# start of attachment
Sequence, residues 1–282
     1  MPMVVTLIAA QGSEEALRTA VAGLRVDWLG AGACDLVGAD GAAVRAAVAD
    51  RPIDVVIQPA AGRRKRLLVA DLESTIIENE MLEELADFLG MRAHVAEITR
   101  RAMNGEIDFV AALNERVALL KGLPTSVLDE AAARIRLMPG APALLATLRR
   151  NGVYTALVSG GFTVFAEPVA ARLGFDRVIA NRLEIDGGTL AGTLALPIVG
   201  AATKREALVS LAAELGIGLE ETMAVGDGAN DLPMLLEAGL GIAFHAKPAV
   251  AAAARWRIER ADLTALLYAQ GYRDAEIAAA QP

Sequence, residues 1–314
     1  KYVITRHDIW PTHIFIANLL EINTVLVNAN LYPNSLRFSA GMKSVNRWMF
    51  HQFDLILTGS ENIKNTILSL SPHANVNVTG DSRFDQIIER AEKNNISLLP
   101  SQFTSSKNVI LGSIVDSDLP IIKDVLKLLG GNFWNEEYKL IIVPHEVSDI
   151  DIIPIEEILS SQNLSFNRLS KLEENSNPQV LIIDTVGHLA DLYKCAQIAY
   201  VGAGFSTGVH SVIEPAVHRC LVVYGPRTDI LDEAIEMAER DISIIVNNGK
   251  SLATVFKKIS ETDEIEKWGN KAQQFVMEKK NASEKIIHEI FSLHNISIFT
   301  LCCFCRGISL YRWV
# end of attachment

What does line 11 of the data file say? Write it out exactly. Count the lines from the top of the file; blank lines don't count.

   101  SQFTSSKNVI LGSIVDSDLP IIKDVLKLLG GNFWNEEYKL IIVPHEVSDI